Stellar Jays live in the pine forests in Southern California’s mountains.
Oregon Dark Eyed Juncos are local birds and are related to sparrows.
Burrowing Owls are “a species of special concern,” in Southern California, where much of their natural habitat has been destroyed by development. Petitions are being submitted to the state to change their status to endangered.
This handsome jay was hanging out on a picnic table, waiting for a handout.
So, of course, I gave him one!
Juncos are quite tiny, and rather shy, so they are hard for me to photograph. This guy was unusually cooperative!
Burrowing owls nest underground to hide from raptors and raise their young. People and organizations all over California are setting up underground Burrowing Owl boxes to help shelter and protect these adorable owls. It is a rare thrill to see them out of the boxes curious about the human who is…
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Benor and Mutt search for the note supposedly telling of a proposed killing. Also, two interesting and amusing books of tales from Jim Webster.
Today it is our turn to share Jim Webster’s amazing stories with you.
We are delighted to be a part of his latest Blog Tour introducing Swimming for profit and pleasure &The Plight of the Lady Gingerlily.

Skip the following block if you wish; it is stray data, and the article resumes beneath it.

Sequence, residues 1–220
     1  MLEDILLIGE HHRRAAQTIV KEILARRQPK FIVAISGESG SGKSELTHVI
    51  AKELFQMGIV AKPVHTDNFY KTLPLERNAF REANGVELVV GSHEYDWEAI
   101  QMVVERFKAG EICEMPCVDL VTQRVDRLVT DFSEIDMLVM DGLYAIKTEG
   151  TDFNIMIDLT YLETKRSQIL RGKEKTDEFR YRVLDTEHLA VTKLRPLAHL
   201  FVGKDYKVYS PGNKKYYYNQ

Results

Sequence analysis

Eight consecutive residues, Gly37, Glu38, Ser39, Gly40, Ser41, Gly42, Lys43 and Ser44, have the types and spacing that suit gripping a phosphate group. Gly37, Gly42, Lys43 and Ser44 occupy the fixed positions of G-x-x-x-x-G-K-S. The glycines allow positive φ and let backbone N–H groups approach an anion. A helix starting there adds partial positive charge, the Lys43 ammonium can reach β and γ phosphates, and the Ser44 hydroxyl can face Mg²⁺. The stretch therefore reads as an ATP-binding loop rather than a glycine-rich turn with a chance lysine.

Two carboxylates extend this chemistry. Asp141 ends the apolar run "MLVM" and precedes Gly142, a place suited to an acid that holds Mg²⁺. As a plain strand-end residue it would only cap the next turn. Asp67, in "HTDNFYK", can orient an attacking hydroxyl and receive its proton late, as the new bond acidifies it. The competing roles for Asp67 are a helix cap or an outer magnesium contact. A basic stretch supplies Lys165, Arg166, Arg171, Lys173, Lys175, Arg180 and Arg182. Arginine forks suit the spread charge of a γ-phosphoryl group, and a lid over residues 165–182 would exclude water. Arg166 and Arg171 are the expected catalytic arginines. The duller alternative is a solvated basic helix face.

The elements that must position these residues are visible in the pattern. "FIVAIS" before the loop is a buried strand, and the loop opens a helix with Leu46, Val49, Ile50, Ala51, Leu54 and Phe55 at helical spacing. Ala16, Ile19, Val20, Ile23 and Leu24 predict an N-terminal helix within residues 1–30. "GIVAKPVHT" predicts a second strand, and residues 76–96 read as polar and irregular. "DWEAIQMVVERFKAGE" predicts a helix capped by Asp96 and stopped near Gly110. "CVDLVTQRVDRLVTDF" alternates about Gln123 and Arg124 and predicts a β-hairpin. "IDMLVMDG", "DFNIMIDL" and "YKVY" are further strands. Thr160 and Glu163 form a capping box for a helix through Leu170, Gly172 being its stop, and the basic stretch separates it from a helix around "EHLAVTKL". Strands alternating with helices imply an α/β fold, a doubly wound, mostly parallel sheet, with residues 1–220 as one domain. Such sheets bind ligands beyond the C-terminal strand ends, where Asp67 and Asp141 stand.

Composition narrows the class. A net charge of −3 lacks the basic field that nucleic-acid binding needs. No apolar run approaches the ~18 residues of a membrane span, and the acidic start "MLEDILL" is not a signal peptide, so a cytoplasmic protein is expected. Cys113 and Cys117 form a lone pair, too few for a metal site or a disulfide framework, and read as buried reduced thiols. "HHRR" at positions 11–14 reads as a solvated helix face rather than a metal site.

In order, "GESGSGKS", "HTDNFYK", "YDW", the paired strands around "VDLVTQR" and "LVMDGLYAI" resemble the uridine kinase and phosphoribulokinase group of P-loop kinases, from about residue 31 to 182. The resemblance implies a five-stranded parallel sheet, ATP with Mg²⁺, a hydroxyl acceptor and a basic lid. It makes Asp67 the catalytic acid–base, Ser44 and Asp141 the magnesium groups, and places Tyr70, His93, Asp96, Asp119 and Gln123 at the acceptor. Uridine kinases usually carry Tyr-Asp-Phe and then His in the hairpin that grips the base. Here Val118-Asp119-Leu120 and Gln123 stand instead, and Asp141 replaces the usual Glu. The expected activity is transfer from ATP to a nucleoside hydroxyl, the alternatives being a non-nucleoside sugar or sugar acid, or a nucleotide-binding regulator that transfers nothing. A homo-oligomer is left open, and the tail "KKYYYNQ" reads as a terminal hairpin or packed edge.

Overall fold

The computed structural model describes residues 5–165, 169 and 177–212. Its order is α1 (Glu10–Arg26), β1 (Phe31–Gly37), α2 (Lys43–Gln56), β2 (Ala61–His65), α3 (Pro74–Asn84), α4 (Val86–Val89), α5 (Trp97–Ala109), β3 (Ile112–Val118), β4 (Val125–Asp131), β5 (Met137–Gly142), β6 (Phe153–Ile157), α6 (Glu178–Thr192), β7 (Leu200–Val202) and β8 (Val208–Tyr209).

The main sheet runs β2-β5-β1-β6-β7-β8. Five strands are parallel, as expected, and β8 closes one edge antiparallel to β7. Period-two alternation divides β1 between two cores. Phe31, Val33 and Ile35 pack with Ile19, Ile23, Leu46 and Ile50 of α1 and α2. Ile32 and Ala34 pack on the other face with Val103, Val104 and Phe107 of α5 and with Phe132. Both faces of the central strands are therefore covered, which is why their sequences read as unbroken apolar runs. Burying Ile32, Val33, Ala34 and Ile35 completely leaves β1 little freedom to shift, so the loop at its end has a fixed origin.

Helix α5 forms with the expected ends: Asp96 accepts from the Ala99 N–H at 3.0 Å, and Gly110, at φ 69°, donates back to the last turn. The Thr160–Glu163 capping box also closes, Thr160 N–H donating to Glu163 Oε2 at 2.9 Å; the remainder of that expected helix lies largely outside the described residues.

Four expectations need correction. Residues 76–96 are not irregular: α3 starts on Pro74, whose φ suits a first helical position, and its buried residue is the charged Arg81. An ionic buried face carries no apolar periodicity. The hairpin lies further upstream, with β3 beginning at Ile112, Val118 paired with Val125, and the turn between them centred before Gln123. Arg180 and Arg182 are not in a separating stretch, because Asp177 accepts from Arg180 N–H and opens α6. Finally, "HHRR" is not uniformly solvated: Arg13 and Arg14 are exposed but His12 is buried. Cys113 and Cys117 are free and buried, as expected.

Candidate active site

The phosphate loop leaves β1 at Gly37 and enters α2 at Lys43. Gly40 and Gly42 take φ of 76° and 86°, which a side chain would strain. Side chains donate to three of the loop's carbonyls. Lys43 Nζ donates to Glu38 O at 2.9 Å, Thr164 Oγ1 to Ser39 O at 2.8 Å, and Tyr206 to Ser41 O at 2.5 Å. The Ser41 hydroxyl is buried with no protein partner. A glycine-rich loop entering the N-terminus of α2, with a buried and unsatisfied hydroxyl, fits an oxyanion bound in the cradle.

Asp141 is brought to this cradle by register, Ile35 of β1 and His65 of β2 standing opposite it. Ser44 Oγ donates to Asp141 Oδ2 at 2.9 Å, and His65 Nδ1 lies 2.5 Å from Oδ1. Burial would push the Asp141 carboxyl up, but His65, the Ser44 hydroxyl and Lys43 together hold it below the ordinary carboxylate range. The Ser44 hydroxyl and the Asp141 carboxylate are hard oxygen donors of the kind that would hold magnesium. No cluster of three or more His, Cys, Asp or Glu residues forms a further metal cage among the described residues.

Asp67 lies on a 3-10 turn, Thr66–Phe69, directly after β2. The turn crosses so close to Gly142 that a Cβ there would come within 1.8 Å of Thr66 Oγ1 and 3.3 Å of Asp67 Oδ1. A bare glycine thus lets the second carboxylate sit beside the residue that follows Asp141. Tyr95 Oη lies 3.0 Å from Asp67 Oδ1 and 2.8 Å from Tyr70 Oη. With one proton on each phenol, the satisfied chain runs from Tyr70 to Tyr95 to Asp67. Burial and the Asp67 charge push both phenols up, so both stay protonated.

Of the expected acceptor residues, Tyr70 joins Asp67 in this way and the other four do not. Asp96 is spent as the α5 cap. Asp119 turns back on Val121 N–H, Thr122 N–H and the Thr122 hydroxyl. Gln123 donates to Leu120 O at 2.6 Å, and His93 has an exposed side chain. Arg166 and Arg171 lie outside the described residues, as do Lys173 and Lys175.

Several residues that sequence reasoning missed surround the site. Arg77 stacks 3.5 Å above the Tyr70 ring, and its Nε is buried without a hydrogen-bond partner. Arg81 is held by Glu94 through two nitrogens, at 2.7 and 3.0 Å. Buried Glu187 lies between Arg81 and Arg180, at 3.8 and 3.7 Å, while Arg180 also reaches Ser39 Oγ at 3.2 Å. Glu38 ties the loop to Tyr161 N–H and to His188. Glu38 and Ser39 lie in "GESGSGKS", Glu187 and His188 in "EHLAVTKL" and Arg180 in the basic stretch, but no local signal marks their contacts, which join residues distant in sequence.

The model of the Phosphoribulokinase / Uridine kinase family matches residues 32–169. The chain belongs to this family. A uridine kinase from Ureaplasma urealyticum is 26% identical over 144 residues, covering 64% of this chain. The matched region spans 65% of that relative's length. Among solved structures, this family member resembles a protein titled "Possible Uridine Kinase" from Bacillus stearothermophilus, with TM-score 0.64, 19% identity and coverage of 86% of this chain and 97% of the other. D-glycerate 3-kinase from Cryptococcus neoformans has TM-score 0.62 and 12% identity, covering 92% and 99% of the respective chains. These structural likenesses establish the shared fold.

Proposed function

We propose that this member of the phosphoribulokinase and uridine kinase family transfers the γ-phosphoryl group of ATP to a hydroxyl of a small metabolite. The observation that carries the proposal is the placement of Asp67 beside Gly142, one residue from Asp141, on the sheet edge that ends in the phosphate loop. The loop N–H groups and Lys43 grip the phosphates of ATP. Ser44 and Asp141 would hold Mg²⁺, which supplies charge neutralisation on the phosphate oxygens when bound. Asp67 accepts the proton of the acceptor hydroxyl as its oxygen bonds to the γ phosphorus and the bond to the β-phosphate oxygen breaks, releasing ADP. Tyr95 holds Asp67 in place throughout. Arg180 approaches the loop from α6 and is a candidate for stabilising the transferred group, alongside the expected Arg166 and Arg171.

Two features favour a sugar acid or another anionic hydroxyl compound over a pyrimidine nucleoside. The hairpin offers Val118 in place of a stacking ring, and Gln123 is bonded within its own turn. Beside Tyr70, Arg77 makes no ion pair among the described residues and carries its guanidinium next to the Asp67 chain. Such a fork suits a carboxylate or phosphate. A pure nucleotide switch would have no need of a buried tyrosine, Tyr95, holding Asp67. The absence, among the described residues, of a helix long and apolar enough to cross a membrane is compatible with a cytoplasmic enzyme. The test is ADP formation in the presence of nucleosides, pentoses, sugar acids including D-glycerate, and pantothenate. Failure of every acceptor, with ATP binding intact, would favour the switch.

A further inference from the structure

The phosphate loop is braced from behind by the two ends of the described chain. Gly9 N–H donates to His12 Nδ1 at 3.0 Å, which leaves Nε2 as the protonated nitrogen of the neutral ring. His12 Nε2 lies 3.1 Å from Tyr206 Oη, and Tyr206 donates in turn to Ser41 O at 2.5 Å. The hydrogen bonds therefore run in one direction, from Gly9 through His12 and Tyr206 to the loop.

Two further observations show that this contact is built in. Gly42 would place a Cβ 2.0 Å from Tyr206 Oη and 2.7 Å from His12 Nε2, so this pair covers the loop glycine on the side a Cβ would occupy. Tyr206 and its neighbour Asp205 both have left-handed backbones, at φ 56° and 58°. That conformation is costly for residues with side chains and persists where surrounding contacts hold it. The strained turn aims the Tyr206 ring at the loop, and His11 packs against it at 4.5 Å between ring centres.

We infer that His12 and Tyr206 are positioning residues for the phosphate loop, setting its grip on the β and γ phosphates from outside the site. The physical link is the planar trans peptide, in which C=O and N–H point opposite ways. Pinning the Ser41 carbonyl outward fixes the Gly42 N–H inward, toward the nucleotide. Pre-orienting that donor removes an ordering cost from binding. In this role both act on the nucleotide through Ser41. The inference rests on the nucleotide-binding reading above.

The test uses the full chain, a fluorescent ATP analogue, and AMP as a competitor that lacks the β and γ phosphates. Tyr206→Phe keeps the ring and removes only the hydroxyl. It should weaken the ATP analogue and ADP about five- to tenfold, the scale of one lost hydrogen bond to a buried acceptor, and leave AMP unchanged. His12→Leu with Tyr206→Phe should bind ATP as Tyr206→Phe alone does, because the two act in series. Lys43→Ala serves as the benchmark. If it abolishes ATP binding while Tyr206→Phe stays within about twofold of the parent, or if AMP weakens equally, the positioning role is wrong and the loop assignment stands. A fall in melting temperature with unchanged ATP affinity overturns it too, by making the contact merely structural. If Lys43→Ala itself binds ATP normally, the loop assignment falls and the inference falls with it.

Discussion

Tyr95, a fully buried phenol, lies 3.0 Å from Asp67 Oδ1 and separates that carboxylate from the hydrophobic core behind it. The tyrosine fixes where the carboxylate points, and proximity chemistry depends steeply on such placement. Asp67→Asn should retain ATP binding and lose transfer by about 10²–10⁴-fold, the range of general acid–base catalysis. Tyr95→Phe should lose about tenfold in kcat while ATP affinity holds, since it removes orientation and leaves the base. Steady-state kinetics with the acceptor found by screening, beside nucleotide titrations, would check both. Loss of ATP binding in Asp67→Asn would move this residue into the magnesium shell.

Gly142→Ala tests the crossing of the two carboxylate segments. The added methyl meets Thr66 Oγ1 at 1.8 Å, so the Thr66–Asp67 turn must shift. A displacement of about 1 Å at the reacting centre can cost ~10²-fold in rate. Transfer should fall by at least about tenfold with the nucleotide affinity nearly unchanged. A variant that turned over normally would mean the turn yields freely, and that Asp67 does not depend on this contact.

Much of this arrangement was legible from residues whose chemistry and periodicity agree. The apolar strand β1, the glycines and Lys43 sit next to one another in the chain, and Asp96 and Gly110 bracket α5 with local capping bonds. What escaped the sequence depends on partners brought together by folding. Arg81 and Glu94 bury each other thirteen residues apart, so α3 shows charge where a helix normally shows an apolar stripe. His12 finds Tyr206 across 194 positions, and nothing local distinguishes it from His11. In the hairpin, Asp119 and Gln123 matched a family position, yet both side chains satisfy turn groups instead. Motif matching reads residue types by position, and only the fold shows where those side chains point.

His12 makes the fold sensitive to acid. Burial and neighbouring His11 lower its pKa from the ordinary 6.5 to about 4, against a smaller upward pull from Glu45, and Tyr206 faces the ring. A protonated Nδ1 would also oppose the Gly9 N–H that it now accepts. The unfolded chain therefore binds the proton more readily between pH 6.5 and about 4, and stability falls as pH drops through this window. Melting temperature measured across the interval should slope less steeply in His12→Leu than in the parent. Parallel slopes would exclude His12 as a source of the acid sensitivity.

The ethical choice
Shena served out the meal Tallis had prepared and started eating. She was
becoming aware that they were sitting in total silence. Benor glared
gloomily at his food, (although it didn’t stop him from eating with a
reasonable appetite). Mutt was obviously deep in planning some dark scheme
of his own, whilst Tallis was obviously miles away, mentally at least. Shena
assumed he was just pondering a rhyme scheme or trying to fit words to a
metre. She began to wonder if she’d somehow offended them all.
Finally she picked on Benor as the one most likely to confess. “What on
earth are you looking so miserable about Benor?”
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An interesting explanation by Jim Webster of how the people of Cumbria work together to help each other and the government. Also, there’s a book on offer that promises to be both informative and humorous about Jim’s collie sheep dogs. You’re sure to enjoy both.
It has to be admitted that living just south of the Lake District, I’m in a really beautiful part of the world. Furness itself with the fells, lowlands, beaches and sea takes a lot of beating, and what’s more the rather ostentatious charms of the Lake District make sure the tourists swarm round the honey pots to our north and don’t clutter up our area.
But yesterday I had to go into the Lake District and due to a road being open which was supposedly still closed; I arrived an hour early for a meeting so just headed straight up onto the fells.
Even in February they’re stunning. Personally I feel that they’re especially stunning in autumn and winter, when the mists and cloud hang heavy and the becks run silver and the whole place is so atmospheric. Not only that but there aren’t all that many visitors. Well not…
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A humorous tale of pickpocketing and entering without knowledge. Also, two amusing and entertaining books on offer by Jim Webster.